Republican US Rep. Ryan says he’s not running for president in 2016 – Reuters
WASHINGTON (Reuters) – Republican U.S. Representative Paul Ryan, the party’s vice presidential nominee in 2012, said on Monday he will not run for president in 2016 in order to focus on his new role in Congress as chairman of the influential House Ways and Means Committee.
“After giving it a lot of thought, I’ve decided not to run for president,” Ryan said in a statement provided by an aide.
The Wisconsin native, a stalwart budget conservative, had been considered a potential White House candidate since serving as Mitt Romney’s vice presidential running mate in 2012.
His decision could have a ripple effect on what is expected to be a crowded Republican field for the 2016 race. It could benefit Wisconsin’s Republican governor, Scott Walker, who is considering a run.
Ryan is chairman of the tax-writing House Ways and Means Committee. He said the committee’s work over the next few years will be crucial “and my job as chairman deserves undivided attention.
“It’s clear our country needs a change in direction. And our party has a responsibility to offer a real alternative. So I’m going to do what I can to lay out conservative solutions and to help our nominee lead us to victory,” he said.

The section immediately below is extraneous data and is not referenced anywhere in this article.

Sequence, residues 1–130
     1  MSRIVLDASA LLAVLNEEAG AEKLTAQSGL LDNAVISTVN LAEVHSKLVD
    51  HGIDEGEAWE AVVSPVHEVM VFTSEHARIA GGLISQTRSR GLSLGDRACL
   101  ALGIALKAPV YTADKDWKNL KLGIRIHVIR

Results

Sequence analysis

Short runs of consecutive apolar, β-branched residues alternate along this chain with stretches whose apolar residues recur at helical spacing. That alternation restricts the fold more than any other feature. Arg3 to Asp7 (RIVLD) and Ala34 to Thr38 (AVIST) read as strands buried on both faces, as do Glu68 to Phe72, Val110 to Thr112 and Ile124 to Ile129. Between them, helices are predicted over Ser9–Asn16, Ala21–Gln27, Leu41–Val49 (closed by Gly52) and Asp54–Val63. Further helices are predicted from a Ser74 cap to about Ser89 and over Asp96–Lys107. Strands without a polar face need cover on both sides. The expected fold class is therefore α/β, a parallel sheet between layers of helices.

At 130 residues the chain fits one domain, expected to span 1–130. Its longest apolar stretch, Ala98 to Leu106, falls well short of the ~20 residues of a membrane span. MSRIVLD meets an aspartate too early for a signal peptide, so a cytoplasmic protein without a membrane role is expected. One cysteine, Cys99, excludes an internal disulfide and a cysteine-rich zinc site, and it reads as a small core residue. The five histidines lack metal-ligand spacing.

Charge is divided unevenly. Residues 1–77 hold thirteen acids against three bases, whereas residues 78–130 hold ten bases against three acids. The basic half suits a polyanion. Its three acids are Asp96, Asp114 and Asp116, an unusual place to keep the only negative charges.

Ryan would have been a prominent contender in a highly competitive 2016 Republican field. Former Florida Governor Jeb Bush has said he is exploring a run, and Romney told donors on Friday he was still eyeing another bid.
Other potential contenders include Governors Rick Perry of Texas, John Kasich of Ohio and Chris Christie of New Jersey, along with Senators Ted Cruz of Texas, Rand Paul of Kentucky and Marco Rubio of Florida.
Ryan told NBC News he made the decision to pass up a White House bid “weeks ago,” well before Romney’s possible intentions became known.
Ryan, 44, would not rule out a run for higher office in the future, saying he plans to “keep my options open.”